Fairfield Group Introduces Cost Effective Pharmaceutical Packaging Solution with Multi-Scan Capability

Droitwich Spa, Worcestershire, United Kingdom, 01/17/2011 - As Turkey, France and California become the first to move to 2D data matrix barcodes on pharmaceutical packaging, Fairfield launch a cost effective scan solution; the only system on the market that can read all three utilised barcodes.

Leading edge auto ID solutions provider Fairfield Group today launched a compliant scan solution that integrates with current and future pharmaceutical industry packaging requirements.

The three main barcodes used currently on Pharmaceutical packaging are 1D traditional barcodes, Pharmacodes, and the increasingly popular 2D data matrix barcode. The multi scan solution from Fairfield identifies all three major codes in one simple scan. Fairfield are well known for their specialism and knowledge sharing approach in the Pharmaceutical and Healthcare markets, they are often called on for their 2D expertise, and this solution has been designed for easy implementation into new or existing processes, either on or off-line.

Lee Wragg, Fairfield's Business Development Director said "It can be as simple as a straight swap for existing technology. The scan system itself has unmatched code reading performance and is an industry breakthrough. It offers speed and versatility and is set to save Pharmaceutical companies time, money and effort whilst increasing productivity in a time of change".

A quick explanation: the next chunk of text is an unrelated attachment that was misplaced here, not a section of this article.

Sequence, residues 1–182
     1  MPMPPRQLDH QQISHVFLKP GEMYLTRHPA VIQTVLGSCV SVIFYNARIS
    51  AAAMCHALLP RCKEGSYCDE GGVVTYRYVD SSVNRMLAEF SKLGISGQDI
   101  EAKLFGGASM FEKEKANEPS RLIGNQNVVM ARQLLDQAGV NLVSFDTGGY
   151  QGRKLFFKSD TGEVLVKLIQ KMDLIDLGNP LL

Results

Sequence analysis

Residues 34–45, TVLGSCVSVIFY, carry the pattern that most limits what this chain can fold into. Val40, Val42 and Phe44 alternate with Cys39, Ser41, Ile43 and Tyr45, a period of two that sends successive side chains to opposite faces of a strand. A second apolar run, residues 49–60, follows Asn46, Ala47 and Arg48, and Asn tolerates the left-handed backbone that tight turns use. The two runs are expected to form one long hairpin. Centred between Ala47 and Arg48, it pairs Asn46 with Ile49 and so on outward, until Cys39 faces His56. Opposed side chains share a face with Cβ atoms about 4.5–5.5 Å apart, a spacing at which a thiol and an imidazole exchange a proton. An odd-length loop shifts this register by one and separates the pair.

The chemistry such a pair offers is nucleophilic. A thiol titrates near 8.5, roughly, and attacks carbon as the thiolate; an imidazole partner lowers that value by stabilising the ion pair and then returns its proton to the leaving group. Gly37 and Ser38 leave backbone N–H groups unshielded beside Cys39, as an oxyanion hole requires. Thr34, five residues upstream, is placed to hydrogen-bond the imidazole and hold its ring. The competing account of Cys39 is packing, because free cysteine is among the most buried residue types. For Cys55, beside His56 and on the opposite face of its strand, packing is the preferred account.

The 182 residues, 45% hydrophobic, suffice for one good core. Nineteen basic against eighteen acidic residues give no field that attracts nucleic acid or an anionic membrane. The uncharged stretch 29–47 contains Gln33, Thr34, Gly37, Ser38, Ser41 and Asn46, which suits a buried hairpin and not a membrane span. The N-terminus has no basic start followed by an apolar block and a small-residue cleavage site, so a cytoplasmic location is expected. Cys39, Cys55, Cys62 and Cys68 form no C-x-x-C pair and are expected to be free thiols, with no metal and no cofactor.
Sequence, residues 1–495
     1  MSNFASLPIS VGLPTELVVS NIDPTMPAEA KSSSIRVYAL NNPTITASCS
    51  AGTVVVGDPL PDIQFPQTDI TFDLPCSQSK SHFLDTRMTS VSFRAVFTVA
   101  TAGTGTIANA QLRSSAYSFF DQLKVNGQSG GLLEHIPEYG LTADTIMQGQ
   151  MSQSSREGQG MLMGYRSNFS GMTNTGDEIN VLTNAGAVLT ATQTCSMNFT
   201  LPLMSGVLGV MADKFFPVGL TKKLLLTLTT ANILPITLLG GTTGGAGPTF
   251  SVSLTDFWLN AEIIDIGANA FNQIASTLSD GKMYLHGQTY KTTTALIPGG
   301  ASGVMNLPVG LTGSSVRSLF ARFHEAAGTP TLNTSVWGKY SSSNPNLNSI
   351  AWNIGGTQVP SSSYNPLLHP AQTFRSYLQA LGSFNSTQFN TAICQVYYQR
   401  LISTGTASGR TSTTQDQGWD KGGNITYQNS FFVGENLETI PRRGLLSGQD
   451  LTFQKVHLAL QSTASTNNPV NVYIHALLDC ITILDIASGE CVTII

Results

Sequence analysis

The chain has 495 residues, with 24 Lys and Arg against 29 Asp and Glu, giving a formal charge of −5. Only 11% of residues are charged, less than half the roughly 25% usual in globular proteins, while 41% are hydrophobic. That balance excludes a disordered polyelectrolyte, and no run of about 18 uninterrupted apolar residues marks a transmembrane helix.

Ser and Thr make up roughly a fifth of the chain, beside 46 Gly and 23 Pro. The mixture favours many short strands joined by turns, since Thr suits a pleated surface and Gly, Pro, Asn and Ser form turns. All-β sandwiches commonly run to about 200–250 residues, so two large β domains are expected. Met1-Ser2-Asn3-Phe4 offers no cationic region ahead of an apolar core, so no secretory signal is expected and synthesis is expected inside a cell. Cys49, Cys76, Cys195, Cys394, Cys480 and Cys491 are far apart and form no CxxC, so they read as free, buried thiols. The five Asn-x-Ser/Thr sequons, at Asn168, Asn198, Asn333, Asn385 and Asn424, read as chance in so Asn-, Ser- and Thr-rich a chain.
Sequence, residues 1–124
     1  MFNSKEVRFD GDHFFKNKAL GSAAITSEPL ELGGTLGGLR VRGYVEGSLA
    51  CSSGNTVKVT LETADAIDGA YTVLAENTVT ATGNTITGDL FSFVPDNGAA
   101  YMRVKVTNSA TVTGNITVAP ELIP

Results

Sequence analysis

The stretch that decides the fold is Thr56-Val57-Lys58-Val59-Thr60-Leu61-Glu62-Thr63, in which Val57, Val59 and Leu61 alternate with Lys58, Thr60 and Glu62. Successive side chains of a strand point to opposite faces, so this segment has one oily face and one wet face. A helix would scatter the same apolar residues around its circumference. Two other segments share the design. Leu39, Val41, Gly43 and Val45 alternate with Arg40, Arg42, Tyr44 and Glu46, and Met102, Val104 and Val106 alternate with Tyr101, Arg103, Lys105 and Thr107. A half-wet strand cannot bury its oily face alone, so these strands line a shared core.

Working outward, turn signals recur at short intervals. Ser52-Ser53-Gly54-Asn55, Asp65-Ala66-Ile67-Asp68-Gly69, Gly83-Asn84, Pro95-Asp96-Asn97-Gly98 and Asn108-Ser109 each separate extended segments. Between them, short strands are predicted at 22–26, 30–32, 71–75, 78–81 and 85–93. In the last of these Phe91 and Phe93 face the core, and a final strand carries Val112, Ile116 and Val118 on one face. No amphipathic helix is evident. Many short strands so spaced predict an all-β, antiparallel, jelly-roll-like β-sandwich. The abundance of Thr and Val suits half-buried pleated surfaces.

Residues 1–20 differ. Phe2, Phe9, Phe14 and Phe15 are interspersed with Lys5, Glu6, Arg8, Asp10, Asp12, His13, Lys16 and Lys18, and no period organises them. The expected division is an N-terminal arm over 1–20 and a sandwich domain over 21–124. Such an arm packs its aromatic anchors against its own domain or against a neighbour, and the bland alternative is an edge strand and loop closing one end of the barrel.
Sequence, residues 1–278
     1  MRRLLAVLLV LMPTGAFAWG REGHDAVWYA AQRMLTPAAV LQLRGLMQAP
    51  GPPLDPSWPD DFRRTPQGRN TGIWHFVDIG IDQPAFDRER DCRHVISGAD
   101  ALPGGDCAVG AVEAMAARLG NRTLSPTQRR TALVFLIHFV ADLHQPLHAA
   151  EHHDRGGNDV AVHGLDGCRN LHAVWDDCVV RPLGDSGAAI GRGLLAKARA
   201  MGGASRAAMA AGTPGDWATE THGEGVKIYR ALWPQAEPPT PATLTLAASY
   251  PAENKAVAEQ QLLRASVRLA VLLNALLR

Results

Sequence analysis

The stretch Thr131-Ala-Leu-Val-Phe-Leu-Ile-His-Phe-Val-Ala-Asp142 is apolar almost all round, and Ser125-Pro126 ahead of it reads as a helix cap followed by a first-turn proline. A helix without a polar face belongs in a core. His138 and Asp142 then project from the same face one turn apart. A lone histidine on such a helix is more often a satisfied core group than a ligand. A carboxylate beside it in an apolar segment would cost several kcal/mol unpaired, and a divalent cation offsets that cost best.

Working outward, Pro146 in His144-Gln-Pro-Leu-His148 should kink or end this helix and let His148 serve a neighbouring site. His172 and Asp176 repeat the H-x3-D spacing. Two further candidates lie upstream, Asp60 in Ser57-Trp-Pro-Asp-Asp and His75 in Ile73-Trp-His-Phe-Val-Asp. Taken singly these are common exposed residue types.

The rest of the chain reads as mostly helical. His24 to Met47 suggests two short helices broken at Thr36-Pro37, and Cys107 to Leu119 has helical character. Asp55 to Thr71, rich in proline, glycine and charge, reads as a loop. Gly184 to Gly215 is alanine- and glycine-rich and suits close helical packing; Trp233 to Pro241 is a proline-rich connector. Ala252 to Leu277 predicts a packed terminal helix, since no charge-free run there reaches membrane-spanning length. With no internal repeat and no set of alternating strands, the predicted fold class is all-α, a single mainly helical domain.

In a bid to overcome counterfeiting, various countries are changing packaging requirements to increase traceability and increase the data carried by product, a feature of which is 2D data matrix barcoding. 2D data matrix codes are better equipped to handle data requirements than the traditional 1d striped barcode or pharmacode, they uniquely identify each individual pack, and enable the serialisation of drugs at the unit level. They are also considered by some as a sensible cost effective solution to RFID tags which are still an expensive option for most, due to their unit cost and level of process integration required for adoption. The adoption of 2D, however, it should be said, does not impact RFID implementation at a later stage if it was required, in terms of cost or process.

The European Federation of Pharmaceutical Industries and Associations (EFPIA) have championed 2D coding for some time now, citing it as a technology driver that helps protect patients in the war against counterfeit drugs. This is also in addition to the value of the information that 2D tracking can bring within pharmacy workflow and POS & overall pharmaceutical supply chains that can be used to make management decisions designed to also enhance patient safety whilst maximising productivity and reducing unnecessary costs.

Mark Lynch, Fairfield's Managing Director said: "This solution is a cost effective, powerful component in the current drive to protect patients from the increasing number of counterfeit drugs entering the supply chain. Fake products can creep in at any part of the chain and this system is an important component of the validation process. It enables clients to read any valid current code, without having to change scanners, saving masses of time and effort."

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